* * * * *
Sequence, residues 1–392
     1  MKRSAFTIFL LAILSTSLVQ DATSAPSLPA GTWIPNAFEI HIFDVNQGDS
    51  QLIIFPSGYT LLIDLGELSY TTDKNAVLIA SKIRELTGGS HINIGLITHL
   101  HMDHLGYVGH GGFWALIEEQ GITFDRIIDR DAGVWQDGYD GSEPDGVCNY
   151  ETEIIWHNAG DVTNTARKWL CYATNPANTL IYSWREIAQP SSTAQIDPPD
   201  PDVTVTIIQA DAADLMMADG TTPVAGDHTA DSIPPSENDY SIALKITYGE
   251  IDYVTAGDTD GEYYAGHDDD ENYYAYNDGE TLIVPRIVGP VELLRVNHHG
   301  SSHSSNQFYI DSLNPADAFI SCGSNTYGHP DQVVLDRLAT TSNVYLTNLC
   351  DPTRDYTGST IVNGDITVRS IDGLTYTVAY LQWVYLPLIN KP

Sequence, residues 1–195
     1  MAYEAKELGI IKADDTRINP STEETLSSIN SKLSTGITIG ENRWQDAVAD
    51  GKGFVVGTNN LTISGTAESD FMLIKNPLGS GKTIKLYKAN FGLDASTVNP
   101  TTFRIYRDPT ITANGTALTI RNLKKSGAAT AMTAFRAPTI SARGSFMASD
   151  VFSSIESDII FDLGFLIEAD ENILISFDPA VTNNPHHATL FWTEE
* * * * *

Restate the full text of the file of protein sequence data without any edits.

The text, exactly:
Sequence, residues 1–392
     1  MKRSAFTIFL LAILSTSLVQ DATSAPSLPA GTWIPNAFEI HIFDVNQGDS
    51  QLIIFPSGYT LLIDLGELSY TTDKNAVLIA SKIRELTGGS HINIGLITHL
   101  HMDHLGYVGH GGFWALIEEQ GITFDRIIDR DAGVWQDGYD GSEPDGVCNY
   151  ETEIIWHNAG DVTNTARKWL CYATNPANTL IYSWREIAQP SSTAQIDPPD
   201  PDVTVTIIQA DAADLMMADG TTPVAGDHTA DSIPPSENDY SIALKITYGE
   251  IDYVTAGDTD GEYYAGHDDD ENYYAYNDGE TLIVPRIVGP VELLRVNHHG
   301  SSHSSNQFYI DSLNPADAFI SCGSNTYGHP DQVVLDRLAT TSNVYLTNLC
   351  DPTRDYTGST IVNGDITVRS IDGLTYTVAY LQWVYLPLIN KP

Sequence, residues 1–195
     1  MAYEAKELGI IKADDTRINP STEETLSSIN SKLSTGITIG ENRWQDAVAD
    51  GKGFVVGTNN LTISGTAESD FMLIKNPLGS GKTIKLYKAN FGLDASTVNP
   101  TTFRIYRDPT ITANGTALTI RNLKKSGAAT AMTAFRAPTI SARGSFMASD
   151  VFSSIESDII FDLGFLIEAD ENILISFDPA VTNNPHHATL FWTEE